Monetary policy is a very blunt, often ineffective tool with wideranging unintended repercussions. Yet it has become the primary tool relied upon in times of crisis, despite fiscal policy (government spending) being a far more effective method of targeted stimulation.
Central Bank governors should not be on the homepage of tabloids like the Daily Mail, where Australia’s Reserve Bank Governor frequently features as a pantomime villain. The role that positive real interest rates play in efficient capital allocation should be given more weight. And encouraging people to overextend themselves at artificially low rates can cause financial crises.
The collapse of a US regional bank might be a relatively containable issue. It won’t be the last disaster caused by the monetary madness of the past few years. If inflation risks start to recede and the economy starts to weaken, I hope these lessons aren’t forgotten.
Could Australia’s banks fail?
There is no stupidity in protecting yourself against seemingly minuscule risks. Especially when protection is free. If you can spread your deposits around multiple Authorised Deposit-taking Institutions (ADIs) and avail yourself of the Australian government’s explicit $250,000 deposit guarantee, why not?
I would also be willing to bet a substantial amount of money that, were an Australian bank to fail, all depositors would be protected. For exactly the reasons outlined above, the government would quickly step in. That doesn’t mean we shouldn’t be thinking about the risk. As equity market investors, the consequences for the wider economy and our portfolios would be significant.
So, could an Australian bank fail?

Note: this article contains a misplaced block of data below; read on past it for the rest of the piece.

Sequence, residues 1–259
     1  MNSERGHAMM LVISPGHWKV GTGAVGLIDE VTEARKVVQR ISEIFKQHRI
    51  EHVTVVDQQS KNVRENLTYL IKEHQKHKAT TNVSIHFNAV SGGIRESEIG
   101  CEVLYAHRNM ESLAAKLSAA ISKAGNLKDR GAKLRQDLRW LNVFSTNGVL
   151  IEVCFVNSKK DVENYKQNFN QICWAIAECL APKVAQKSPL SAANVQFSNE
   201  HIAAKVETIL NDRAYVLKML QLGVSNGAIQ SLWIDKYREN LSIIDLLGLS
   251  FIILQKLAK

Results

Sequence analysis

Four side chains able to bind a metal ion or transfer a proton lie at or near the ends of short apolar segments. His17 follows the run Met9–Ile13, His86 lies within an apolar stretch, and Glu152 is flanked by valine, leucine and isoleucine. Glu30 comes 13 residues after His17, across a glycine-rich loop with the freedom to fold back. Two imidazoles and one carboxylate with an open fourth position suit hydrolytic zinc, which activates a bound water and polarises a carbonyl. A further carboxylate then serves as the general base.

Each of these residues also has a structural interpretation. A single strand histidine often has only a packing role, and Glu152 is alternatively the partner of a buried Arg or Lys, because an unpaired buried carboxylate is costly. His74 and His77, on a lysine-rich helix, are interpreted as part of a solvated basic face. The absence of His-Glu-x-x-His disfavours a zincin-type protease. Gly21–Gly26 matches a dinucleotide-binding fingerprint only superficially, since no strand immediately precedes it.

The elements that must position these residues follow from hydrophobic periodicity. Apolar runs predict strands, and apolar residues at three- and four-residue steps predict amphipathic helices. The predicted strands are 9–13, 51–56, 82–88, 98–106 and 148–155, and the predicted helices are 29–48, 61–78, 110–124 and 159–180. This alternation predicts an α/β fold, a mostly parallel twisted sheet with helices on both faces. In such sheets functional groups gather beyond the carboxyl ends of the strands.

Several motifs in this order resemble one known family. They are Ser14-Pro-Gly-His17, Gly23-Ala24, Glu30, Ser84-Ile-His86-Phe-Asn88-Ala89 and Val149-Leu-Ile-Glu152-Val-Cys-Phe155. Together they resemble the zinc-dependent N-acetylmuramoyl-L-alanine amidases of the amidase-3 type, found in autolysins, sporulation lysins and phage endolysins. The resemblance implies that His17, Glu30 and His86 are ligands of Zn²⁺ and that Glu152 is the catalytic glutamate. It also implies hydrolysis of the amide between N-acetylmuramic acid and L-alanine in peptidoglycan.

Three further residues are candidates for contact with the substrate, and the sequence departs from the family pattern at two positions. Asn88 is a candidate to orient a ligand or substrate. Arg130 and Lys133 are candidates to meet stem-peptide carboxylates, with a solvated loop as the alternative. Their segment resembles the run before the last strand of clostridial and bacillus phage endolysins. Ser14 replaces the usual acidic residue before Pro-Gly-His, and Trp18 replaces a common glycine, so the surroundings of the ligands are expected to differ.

They share one thing in common with SVB – an unhealthy level of exposure to one sector. For Silicon Valley Bank, that was the tech sector. In Australia, it is lending against residential property. Over 70% of CBA’s $885bn loan book is home loans.
The topic of whether Australia’s house prices will ever fall far enough to threaten the viability of one or more of our banks is the subject of conversation at far too many Australian dinner parties. The simple fact is, it is a risk. A bank with a healthy spread of loan types is safer than one with all its eggs in one basket.
As for the specifics of the SVB demise, that is far less likely to happen here. Our capital adequacy rules do a very good job of penalising banks for taking on risk. While the technicalities are complicated, the concept is simple. The more risk a bank takes on, the more equity capital it must set aside as a buffer. That includes the credit risk of a loan (the higher the probability of default, the more capital must be set aside). But it also forces a bank to set aside more capital if it takes on market risk or interest rate risk.
That’s why our banks don’t offer competitive long-term, fixed-rate mortgages. If a bank funds a long-term loan with short-term deposits, the capital requirements make the loan uneconomical. The three- and four-year fixed-rate loans offered during Covid were matched with temporary fixed-rate funding from the RBA.
You could (and plenty of people do) argue whether home loans are as safe as our capital adequacy rules assume. But our regulatory regime is far more robust than the one that governs small banks in the United States.